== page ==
Aiyana Jones was shot and killed by police executing a search warrant as part of a homicide investigation, Assistant Chief Ralph Godbee said in a statement.
"This is any parent's worst nightmare," Godbee said. "It also is any police officer's worst nightmare. And today, it is all too real."
The warrant was executed about 12:40 a.m. ET Sunday at a home on the city's east side, Godbee said. Authorities believed the suspect in the Friday shooting death of 17-year-old high school student Jarean Blake was hiding out at the home. Blake was gunned down in front of a store as his girlfriend watched, Godbee said.
Preliminary information indicates that members of the Detroit Police Special Response Team approached the house and announced themselves as police, Godbee said, citing the officers and at least one independent witness.
"As is common in these types of situations, the officers deployed a distractionary device commonly known as a flash bang," he said in the statement. "The purpose of the device is to temporarily disorient occupants of the house to make it easier for officers to safely gain control of anyone inside and secure the premise."
Upon entering the home, the officer encountered a 46-year-old female inside the front room, Godbee said. "Exactly what happened next is a matter still under investigation, but it appears the officer and the woman had some level of physical contact.
"At about this time, the officer's weapon discharged one round which, tragically, struck 7-year-old Aiyana Stanley Jones in the neck/head area."
The girl was immediately transported to a hospital, where she was pronounced dead. Godbee said he and other officers went to the hospital while others stayed at the home to execute the warrant.
Aiyana's father, Charles Jones, told CNN affiliate WDIV, "She was sleeping and they came in the door shooting and throwing flash grenades ... burned my baby up and shot her, killed her."
Jones claimed the officers had the wrong house, but Godbee said in the statement the 34-year-old suspect in Blake's death was found and arrested at the home. In addition, a vehicle and a moped matching the descriptions of those involved in Blake's shooting were also found, he said.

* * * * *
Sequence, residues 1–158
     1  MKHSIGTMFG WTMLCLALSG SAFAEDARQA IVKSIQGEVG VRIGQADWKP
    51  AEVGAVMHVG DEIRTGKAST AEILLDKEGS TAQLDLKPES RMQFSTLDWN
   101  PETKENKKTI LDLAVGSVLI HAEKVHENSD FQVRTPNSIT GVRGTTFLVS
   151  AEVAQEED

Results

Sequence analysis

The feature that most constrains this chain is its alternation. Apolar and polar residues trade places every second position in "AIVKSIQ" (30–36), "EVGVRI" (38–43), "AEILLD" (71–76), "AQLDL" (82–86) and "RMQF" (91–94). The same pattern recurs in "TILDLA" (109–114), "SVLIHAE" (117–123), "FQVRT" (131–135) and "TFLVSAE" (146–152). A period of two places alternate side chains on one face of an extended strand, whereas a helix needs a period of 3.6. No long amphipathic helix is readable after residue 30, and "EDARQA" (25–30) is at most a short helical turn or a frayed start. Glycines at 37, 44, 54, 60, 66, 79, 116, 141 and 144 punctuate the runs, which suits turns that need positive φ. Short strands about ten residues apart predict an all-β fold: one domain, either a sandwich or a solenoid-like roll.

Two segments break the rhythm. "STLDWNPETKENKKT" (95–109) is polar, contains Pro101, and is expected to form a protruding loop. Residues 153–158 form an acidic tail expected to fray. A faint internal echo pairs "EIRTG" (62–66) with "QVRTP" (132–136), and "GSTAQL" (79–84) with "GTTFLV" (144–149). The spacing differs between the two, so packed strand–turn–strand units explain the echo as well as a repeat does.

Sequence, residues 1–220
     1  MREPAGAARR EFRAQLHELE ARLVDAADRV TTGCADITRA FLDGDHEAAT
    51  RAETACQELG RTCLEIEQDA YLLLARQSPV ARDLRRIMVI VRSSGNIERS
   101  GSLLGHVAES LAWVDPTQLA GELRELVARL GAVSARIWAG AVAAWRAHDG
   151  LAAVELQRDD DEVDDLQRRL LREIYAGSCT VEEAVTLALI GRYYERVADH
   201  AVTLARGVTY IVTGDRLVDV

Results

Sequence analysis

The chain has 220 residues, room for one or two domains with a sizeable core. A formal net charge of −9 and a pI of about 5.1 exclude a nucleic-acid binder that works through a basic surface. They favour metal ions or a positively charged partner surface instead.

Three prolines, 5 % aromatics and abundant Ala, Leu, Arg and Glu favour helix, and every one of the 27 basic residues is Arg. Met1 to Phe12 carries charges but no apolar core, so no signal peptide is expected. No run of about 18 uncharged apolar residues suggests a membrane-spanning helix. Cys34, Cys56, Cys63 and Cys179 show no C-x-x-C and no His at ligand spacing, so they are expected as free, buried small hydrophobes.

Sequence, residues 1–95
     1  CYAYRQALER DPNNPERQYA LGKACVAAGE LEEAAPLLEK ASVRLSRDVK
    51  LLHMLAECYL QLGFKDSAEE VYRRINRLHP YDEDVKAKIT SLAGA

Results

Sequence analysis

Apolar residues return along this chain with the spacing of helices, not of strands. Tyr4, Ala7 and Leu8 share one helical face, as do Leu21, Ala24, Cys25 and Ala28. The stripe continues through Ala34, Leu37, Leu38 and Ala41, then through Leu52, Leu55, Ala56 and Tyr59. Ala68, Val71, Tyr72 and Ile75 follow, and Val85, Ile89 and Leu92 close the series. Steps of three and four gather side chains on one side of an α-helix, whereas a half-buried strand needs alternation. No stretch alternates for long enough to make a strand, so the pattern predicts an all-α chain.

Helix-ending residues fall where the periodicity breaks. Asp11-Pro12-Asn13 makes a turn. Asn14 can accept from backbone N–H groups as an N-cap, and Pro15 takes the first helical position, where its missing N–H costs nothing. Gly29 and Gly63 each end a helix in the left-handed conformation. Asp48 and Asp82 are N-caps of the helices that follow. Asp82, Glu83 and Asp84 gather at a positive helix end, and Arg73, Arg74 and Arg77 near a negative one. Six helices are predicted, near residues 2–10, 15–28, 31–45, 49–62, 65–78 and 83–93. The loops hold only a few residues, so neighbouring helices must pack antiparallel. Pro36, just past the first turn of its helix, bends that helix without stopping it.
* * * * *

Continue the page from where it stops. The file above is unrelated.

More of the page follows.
The suspect's name was not released.
Godbee said he wished to "express to the family of Aiyana Jones the profound sorrow that we feel within the Detroit Police Department and throughout this community. We know that no words can do anything to take away the pain you are feeling at this time."
Police obtained the "high-risk search warrant" based on intelligence, and it was approved by the prosecutor and a magistrate, Godbee said. "Because of the ruthless and violent nature of the suspect in this case, it was determined that it would be in the best interest of public safety to execute the search warrant as soon as possible and detain the suspect ... while we sought a murder warrant," he said.
The police statement said Chief Warren Evans is out of town and could not be present "to personally address this tragedy," but "his thoughts and prayers are with the family and loved ones of Aiyana Jones."
The officer's weapon was secured, and an investigation is under way, Godbee said, emphasizing the information gained so far is preliminary.
"This is a tragedy of unspeakable magnitude to Aiyana's parents, family and all those who loved her," Godbee said. "... It is a tragedy we also feel very deeply throughout the ranks of the Detroit Police Department.
"We cannot undo what occurred this morning," he said. "All we can do is pledge an open and full investigation and to support Aiyana's family in whatever way they may be willing to accept from us at this time. I understand that they may not be open to such a gesture at this time, but we do stand ready to do anything we can to support them."